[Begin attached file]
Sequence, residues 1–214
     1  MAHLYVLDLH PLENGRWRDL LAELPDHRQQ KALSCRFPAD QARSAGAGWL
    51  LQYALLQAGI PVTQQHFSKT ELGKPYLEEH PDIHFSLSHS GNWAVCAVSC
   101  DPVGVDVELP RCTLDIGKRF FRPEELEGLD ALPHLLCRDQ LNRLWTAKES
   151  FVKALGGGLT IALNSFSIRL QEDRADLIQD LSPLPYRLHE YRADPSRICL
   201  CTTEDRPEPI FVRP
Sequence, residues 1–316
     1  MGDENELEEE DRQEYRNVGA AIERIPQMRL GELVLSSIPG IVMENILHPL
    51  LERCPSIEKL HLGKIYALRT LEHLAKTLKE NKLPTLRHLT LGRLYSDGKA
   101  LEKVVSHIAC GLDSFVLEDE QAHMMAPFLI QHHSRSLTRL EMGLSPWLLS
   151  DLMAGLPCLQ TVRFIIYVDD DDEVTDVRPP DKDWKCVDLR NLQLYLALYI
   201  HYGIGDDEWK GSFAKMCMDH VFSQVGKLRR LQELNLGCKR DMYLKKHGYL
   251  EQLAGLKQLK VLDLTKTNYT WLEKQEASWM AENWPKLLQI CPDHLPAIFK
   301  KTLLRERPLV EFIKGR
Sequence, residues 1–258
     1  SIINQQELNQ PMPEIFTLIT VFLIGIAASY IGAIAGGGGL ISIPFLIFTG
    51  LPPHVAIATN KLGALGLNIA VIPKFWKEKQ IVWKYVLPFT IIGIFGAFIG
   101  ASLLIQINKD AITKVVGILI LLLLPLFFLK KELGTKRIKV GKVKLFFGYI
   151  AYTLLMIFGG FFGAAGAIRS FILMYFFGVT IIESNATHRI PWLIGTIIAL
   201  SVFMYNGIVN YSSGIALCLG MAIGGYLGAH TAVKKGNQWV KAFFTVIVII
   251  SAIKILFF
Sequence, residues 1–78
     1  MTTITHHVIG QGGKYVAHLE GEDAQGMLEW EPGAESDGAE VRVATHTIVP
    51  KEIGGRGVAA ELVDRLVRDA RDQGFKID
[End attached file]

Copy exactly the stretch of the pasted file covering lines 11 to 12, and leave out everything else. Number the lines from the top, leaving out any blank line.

   151  DLMAGLPCLQ TVRFIIYVDD DDEVTDVRPP DKDWKCVDLR NLQLYLALYI
   201  HYGIGDDEWK GSFAKMCMDH VFSQVGKLRR LQELNLGCKR DMYLKKHGYL